Jesus knew we loved stories and so He spoke from stories quite a bit of the time. The type of stories he used were called parables. What is a parable? A parable is often defined as “an earthly story with a heavenly meaning.” It’s a story that deals with earthy things in order to talk about deeper things.
The word ‘parable’ comes from two Greek words:
- Para: which means “alongside”
- Bole: which means “to throw”
So parable literally means “to throw alongside” or “to compare.” As Stuart Briscoe says: “A parable is a story designed to compare that which is patently obvious to that which may not be obvious at all.”
Jesus used parables to draw His hearers in by talking about everyday things they were familiar with: taxes, fishing, house cleaning, farming, family…
But as He drew the story to a close it became clear—for those who were really listening—that He was also hitting at a deeper meaning. He was opening up a discussion about unseen things by talking about things we could see. He was talking about spiritual truth through everyday things.
But how should we read parables? Let me first offer a word of caution that weneed to think about how we are approaching these stories so that we’re not expecting them to be something they’re not.
Let me use a parable of sorts to explain what I mean. Suppose we were going to watch a movie and suppose that someone picked “Little Women” or “Sense and Sensibility,” both clearly long and sweeping, romantic dramas. Now, it would be very important for me to approach watching these movies in the right way. If I approach viewing those movies looking for action, blood and guts, or non-stop laughs, I am going to be sorely disappointed. Even if I could agree that the movie was good—good acting, good cinematography, good character development, good musical scoring—if I’m expecting the movie to be a comedy or an action movie then I may not understand the point of the movie and may not even think it’s good.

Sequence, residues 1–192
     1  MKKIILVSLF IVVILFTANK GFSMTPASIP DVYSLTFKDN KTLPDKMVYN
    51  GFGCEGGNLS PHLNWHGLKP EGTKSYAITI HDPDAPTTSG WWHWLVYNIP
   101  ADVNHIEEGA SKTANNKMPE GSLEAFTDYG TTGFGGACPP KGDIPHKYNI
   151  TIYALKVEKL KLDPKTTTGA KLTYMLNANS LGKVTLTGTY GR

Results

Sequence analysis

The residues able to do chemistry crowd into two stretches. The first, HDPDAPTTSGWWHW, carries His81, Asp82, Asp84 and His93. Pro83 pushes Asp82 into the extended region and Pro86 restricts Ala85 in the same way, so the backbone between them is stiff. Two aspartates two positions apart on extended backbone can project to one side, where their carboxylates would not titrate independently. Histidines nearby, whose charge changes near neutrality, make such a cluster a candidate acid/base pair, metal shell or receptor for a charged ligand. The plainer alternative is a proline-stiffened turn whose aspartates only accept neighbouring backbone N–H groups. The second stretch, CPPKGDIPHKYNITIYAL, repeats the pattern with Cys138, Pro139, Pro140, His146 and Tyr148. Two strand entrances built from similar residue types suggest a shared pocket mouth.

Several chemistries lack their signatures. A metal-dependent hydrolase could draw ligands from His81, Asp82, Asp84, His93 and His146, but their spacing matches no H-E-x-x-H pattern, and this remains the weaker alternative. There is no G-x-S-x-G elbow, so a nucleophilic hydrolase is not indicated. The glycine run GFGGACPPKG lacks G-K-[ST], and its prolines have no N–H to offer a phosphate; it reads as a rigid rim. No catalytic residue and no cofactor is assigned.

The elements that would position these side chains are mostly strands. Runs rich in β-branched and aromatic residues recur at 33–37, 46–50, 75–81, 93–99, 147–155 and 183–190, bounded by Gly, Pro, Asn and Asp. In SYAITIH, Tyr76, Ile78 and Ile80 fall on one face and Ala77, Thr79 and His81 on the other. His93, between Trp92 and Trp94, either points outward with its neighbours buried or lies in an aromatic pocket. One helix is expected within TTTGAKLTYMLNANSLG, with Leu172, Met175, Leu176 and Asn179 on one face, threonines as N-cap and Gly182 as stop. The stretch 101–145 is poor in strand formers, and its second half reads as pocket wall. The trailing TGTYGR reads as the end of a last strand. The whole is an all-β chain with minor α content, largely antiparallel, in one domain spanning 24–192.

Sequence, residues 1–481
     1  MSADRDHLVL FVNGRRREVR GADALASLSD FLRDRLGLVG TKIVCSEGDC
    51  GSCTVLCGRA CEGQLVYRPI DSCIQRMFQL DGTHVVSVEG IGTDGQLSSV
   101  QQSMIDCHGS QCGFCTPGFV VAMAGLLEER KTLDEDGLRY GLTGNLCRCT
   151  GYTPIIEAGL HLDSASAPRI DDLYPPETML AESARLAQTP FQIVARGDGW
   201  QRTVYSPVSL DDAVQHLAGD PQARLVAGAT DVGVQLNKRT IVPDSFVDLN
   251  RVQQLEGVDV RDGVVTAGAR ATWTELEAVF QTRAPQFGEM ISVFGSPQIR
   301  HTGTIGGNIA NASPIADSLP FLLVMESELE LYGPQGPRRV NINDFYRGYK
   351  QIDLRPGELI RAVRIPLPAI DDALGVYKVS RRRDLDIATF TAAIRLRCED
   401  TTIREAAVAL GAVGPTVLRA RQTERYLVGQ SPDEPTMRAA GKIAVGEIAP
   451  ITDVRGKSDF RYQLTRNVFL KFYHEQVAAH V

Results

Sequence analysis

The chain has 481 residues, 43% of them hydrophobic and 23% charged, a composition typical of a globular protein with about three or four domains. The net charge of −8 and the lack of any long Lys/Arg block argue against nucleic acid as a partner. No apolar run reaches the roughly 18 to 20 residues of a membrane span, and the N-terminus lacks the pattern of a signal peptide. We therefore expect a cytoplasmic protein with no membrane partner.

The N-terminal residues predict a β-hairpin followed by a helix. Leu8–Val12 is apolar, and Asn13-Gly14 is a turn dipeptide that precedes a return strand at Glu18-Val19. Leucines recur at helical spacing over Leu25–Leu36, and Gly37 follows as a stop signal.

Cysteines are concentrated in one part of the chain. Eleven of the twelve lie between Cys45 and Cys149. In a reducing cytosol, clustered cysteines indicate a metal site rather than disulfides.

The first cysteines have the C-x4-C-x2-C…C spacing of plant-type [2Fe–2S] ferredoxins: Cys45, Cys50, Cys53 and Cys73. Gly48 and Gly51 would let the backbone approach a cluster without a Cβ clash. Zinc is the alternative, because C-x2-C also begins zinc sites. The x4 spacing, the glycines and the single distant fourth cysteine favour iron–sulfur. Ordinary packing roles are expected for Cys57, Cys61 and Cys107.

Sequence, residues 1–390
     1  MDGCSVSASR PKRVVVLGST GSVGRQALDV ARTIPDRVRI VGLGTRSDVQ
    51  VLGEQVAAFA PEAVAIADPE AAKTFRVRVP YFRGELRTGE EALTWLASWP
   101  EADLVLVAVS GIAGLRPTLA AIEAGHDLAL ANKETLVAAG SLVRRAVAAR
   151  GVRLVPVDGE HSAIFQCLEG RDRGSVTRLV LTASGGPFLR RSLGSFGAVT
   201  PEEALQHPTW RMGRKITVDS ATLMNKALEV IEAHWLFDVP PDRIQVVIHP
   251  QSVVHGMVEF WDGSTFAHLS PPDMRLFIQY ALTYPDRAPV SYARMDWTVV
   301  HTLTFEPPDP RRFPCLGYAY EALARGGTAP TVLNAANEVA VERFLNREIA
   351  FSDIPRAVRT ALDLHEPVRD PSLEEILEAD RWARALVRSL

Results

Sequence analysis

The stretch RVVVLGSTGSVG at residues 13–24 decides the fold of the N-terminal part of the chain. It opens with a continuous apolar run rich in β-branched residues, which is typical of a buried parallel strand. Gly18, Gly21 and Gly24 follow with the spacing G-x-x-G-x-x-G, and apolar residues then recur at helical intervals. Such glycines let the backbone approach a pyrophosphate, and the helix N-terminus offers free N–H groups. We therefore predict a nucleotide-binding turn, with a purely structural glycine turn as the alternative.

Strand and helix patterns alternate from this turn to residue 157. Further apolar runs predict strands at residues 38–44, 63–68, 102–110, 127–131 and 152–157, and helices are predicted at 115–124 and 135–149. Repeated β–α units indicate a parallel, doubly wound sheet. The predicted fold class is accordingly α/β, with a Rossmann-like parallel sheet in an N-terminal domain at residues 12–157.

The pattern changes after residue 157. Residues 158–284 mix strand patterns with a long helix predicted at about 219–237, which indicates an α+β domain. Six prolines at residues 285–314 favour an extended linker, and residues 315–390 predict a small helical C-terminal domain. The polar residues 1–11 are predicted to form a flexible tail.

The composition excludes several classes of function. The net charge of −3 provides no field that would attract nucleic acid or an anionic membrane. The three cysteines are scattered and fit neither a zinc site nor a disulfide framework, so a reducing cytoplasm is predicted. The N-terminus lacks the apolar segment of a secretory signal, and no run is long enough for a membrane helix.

In earlier times in the church’s history, biblical scholars used a method of interpretation that included a lot of allegory. Allegories are stories where nearly every character, item, or event signifies some other thing. Those earlier interpreters provided a wide variety of meanings particularly when it came to interpreting parables, where allegorical or spiritual meanings were linked to many elements within the parables.
While allegorical interpretation does have some value in certain ways, this is not usually how we are supposed to read parables, unless Jesus makes it abundantly clear that such meanings are there. “Parables are not allegories – even if at times they have what appear to us to be allegorical features.”
When we pay attention to their context—the situation or questions that prompted the story—we will find that the parables have one clear and pointed impact related to one fundamental issue.
When we read or listen to parables we shouldn’t try to find secret meanings in every nook and cranny of the story, but try to listen, with the guidance of God’s Holy Spirit, for the strong, power-packed point on the main issue that hits us like swift punch in the gut.
So, as we approach the reading and interpretaton of parables, let us pray God will help us to hear the main idea Christ was speaking then and is speaking to us here and now today.
 Stuart Briscoe, Patterns for Power (Ventura, CA: Regal Books, 1979), 5.
 Gordon D. Fee & Douglas Stuart, How to Read the Bible for All Its Worth, 2nd edition (Grand Rapids, MI: Zondervan, 1993), 138.